And now, we see the emergence of others who try to thrive in the whole they’ve burrowed in the host organism. One question emerges though about the campaign; who is it for?

It’s surely not for people with a Monzo card already, as getting people to switch bank accounts remains notoriously hard work, so why go after a small subset of a market. Viola Black is not going to feed off Monzo in the way that Monzo feeds off the wider system.

And it surely can’t be for those on the verge of making a decision to switch to Monzo, as any quick search on comparisons of the two would bring back unfavourable results for Viola Black; it is just a pre-pay credit card, as Monzo used to be.

It’s perhaps more likely that it is just a market statement, for current investors and potential future ones; ‘look, we’re in this market, associate us with these other players’.

In startup land, you don’t need to live off a real user base, sometimes the fumes of hype will provide enough sustenance for months or years. It’s like vaping success.

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*It’s 2019, so let’s try more blogging, as per this:

Short fast blogging, rather than having an existential crisis when trying to fashion a passable Medium post. Why is it every Medium post ends up as a Large?

Next Gen Artefact Cards

It’s taken a little while, due to longer than expected things (which I’ll perhaps blog about at length at some point).

But the next generation, retail-ready Artefact Cards are hitting the presses this month, to be on sale (and on shelf in lovely establishments) by the end of January.

I have enough of the pre-production prototypes to run workshops with this month, though, which is pleasing.

via Flickr https://flic.kr/p/RWo8uh

The New Twickenham Gates

“The venture, led by London-based architects Wilson Owens Owens, provides a unique focal point when fans arrive and delivers a recognisable starting point for their experience at the world’s largest dedicated rugby stadium.”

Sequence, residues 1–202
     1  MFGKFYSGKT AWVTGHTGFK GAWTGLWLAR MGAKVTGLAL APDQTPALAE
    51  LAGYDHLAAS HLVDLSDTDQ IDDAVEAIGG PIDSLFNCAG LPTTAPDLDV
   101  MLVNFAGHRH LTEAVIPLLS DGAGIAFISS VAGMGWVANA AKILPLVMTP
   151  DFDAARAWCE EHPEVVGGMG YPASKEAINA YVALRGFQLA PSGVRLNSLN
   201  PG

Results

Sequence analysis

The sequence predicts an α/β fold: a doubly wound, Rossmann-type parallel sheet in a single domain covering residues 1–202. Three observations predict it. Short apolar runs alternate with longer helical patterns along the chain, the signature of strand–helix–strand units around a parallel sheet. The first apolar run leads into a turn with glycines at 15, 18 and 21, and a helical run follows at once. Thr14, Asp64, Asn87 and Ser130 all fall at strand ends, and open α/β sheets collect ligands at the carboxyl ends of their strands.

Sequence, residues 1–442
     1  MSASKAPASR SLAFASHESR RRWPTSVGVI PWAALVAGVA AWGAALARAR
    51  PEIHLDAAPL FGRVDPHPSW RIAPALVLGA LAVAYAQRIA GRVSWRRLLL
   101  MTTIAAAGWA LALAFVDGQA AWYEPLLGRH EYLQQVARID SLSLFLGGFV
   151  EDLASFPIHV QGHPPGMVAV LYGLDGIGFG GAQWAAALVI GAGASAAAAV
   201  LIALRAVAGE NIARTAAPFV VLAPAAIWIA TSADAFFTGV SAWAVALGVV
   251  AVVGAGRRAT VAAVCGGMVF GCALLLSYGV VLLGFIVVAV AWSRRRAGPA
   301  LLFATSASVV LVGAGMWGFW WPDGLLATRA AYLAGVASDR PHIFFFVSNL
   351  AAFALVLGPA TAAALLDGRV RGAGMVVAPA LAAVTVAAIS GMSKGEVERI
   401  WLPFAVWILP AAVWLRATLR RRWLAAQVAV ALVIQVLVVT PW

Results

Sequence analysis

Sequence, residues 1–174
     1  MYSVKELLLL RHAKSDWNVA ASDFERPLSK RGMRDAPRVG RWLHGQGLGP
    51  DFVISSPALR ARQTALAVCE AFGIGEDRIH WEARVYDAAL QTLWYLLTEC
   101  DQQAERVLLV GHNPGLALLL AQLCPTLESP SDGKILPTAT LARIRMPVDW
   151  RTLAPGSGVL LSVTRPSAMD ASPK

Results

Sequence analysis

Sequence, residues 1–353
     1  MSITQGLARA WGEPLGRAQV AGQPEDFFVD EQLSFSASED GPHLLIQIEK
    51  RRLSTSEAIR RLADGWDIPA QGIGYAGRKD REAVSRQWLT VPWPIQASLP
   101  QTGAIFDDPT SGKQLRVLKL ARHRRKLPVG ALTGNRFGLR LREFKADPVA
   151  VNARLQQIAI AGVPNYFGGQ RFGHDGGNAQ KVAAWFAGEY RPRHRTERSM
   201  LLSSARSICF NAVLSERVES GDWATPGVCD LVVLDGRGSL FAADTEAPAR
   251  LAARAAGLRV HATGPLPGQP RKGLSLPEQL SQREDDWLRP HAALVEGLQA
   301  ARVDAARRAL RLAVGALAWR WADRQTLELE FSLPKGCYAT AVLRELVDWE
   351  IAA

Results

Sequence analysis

So say England Rugby, on their site, about the new Twickenham entrance gates.

In reality, it turns out they’ve tried to send as many people past this ‘focal point’ as they can, and it takes twice as long to get in. Well done, architects.

via Flickr https://flic.kr/p/RJAKTh

Flying The Forge

It seems somewhat fitting that it’s the tenth anniversary of The Do Lectures this weekend; it was there at their fifth iteration I met Fraser Hamilton, and tomorrow is his last day at Smithery.

For five years we’ve worked together, at first with Fraser on an internship, then freelance, then full-time. He’s been a vital companion on the continuing Smithery journey, as it productively picks its way through the sunny uplands towards whatever peaks we next spot on the horizon. At this point in that journey though, there’s a path into a year or two of specialism beckoning, so Fraser’s joining our friends at Adaptive Lab as a service designer…

…I was about to type ‘we’re glad he’s going to a really good home”, but that just sounds like he’s a puppy who’s been mithering the designer furniture, so I’ll leave that there…

Every day working with Fraser has been a pleasure. I’ve never worked with someone before who’s so eager to learn and stretch themselves, to combine their talents they’ve developed over the years with things the’ve never even tried before, to ask good questions that they know need to be asked even if they feel uncomfortable doing so, and to be such thoroughly good company in any situation.

Fraser, you will go far. See you on the mountain paths, my friend.